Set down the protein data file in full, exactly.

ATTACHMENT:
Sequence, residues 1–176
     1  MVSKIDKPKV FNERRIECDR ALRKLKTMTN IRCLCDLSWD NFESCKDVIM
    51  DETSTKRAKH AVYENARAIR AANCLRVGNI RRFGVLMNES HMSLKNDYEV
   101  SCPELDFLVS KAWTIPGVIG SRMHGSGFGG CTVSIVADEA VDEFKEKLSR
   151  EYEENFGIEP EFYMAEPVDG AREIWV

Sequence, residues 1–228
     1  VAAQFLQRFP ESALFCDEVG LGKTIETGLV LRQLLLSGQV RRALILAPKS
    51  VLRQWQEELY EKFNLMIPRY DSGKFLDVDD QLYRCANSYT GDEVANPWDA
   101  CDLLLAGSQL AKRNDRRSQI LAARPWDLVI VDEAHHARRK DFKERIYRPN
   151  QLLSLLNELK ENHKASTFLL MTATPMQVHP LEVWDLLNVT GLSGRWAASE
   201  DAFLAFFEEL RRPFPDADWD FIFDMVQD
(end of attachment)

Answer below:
Sequence, residues 1–176
     1  MVSKIDKPKV FNERRIECDR ALRKLKTMTN IRCLCDLSWD NFESCKDVIM
    51  DETSTKRAKH AVYENARAIR AANCLRVGNI RRFGVLMNES HMSLKNDYEV
   101  SCPELDFLVS KAWTIPGVIG SRMHGSGFGG CTVSIVADEA VDEFKEKLSR
   151  EYEENFGIEP EFYMAEPVDG AREIWV

Sequence, residues 1–228
     1  VAAQFLQRFP ESALFCDEVG LGKTIETGLV LRQLLLSGQV RRALILAPKS
    51  VLRQWQEELY EKFNLMIPRY DSGKFLDVDD QLYRCANSYT GDEVANPWDA
   101  CDLLLAGSQL AKRNDRRSQI LAARPWDLVI VDEAHHARRK DFKERIYRPN
   151  QLLSLLNELK ENHKASTFLL MTATPMQVHP LEVWDLLNVT GLSGRWAASE
   201  DAFLAFFEEL RRPFPDADWD FIFDMVQD